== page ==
It was my husband’s birthday present. That’s probably the only reason I would find myself trying to absorb everything our guide was telling me about how to use an all terrain vehicle. It was August. I had just gotten my driving license in March and had barely driven a car except during my driving lessons. Maybe if we had just gone for one hour I would have been okay.
I think I was already sweating during our practice runs on the smooth pavement. I was embarking on this adventure with three Mexicans: Two very male males and one female who can drive standard like a guy.
I opted to be the last in line as we headed into the mountainous terrain. Things started fine. There was a lot of uphill, which didn’t bother me much. Even going over the huge rocks and praying they didn’t scratch the bottom of my machine I could handle. It was the downhill sections that sent my heart racing and horrible scenes of flipping over and being crushed flashing behind my eyes. I gripped the handles so tight, my arms were weak noodles by the end and very sore the next day. I trudged along behind everyone else. The guide occasionally stopped to wait and see if I was still alive let me catch up.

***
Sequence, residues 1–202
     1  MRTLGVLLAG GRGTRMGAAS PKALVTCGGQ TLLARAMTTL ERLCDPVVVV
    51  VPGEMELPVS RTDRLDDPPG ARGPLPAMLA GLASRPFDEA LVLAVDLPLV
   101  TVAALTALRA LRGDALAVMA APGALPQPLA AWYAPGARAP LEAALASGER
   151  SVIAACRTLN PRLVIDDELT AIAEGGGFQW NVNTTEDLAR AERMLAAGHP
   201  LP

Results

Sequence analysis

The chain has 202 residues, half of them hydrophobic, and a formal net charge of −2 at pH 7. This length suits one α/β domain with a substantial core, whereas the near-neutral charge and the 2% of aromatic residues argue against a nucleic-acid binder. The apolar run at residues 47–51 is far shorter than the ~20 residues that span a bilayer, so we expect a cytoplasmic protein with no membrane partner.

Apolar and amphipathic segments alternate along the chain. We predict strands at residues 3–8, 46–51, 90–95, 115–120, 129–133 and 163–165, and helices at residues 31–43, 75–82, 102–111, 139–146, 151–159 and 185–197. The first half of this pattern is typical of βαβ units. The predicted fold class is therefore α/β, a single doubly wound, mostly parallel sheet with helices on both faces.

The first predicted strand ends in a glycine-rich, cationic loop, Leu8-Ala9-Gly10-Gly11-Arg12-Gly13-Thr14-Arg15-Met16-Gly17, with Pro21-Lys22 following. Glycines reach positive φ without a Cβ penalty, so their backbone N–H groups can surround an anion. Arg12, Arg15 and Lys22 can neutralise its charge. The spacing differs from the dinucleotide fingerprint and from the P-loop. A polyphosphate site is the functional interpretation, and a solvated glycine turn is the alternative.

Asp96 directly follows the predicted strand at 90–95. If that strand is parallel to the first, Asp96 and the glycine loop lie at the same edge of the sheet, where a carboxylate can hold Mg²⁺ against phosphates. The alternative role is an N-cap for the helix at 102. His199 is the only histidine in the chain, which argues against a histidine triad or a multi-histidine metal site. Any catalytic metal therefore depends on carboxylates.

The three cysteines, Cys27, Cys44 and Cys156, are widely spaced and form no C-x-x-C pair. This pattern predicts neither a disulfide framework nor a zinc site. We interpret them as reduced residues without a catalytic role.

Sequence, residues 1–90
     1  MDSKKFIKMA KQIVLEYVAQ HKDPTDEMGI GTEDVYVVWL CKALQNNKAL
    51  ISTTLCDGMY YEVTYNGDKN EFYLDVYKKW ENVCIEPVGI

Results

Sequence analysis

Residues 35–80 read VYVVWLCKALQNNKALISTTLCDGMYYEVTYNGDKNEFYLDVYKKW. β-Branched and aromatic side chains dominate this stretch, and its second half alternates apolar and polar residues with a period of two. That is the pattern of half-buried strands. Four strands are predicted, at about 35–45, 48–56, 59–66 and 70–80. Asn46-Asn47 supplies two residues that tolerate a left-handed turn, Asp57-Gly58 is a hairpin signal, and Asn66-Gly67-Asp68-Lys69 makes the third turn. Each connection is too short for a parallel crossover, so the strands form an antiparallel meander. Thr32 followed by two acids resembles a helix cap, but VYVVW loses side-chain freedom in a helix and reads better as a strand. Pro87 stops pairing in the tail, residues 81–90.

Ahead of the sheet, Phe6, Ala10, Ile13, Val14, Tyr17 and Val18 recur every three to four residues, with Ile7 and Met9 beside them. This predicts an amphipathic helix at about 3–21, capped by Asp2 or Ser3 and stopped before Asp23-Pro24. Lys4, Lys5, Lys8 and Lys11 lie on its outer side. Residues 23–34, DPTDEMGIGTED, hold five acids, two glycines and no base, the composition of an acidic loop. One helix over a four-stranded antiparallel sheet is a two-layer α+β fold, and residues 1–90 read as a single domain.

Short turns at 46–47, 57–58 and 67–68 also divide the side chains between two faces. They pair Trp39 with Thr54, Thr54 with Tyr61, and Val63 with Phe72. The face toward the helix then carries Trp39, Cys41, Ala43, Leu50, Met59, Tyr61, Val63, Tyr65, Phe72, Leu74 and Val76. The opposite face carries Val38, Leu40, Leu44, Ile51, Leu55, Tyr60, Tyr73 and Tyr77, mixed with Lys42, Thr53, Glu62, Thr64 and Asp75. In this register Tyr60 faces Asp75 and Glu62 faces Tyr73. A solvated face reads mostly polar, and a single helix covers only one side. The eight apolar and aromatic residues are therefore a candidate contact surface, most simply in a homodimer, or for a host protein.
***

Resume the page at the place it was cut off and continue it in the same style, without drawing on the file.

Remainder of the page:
We took a breather by a little lake. At the beginning we had reserved for only an hour but once arrived, my husband asked if we could go for two. The break must have been around the hour mark. Completely drenched in sweat, I couldn’t stop the tears from coming when the guide asked whether we wanted the easy or the hard route for the rest of the trip and everyone opted for the more difficult.
After that little episode, our guide had me and my machine first in line behind him so he could keep a closer eye on me. At least twice he didn’t even ask me if I wanted to go it alone and had me get off the machine and take it down a hill while I clambered after. In my defence I was able to do the manoeuvre where you had to practically hang off one side of the atv so as to balance it over a tricky spot. Soon after I got stuck on a fallen tree trunk branch with a horrible crunch.